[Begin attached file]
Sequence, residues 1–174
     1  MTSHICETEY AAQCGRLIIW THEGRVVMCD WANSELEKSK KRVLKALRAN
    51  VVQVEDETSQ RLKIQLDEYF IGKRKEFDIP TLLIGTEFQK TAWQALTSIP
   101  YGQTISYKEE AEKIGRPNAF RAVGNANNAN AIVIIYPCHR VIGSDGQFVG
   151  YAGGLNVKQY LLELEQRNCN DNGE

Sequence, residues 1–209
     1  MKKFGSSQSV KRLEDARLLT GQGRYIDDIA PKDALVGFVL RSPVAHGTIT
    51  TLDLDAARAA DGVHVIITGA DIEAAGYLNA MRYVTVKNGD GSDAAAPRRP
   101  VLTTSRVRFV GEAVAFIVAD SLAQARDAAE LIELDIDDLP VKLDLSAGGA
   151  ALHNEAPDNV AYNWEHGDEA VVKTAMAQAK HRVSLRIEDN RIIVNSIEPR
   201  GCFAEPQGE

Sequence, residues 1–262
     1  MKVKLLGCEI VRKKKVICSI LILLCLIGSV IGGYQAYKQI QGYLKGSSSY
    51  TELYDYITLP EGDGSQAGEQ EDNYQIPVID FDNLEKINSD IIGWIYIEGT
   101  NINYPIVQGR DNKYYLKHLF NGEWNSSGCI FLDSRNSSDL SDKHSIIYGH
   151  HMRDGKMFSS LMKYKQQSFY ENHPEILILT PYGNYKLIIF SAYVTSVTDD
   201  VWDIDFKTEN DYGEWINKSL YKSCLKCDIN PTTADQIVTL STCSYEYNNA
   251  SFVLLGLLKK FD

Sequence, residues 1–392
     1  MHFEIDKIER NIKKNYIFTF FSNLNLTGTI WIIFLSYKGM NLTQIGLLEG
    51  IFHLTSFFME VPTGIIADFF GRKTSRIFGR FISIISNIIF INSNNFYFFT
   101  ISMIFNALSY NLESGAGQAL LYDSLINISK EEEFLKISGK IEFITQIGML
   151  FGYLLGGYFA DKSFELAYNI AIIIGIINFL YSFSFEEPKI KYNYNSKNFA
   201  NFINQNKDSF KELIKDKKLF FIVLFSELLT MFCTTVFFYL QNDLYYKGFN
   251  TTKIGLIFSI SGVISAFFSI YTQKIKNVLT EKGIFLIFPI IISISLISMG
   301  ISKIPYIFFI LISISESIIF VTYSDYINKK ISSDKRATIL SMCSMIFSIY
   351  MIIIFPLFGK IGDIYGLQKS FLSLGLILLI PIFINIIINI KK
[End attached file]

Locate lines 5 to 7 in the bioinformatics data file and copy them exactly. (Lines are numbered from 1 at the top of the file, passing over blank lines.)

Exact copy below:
   151  YAGGLNVKQY LLELEQRNCN DNGE

Sequence, residues 1–209
     1  MKKFGSSQSV KRLEDARLLT GQGRYIDDIA PKDALVGFVL RSPVAHGTIT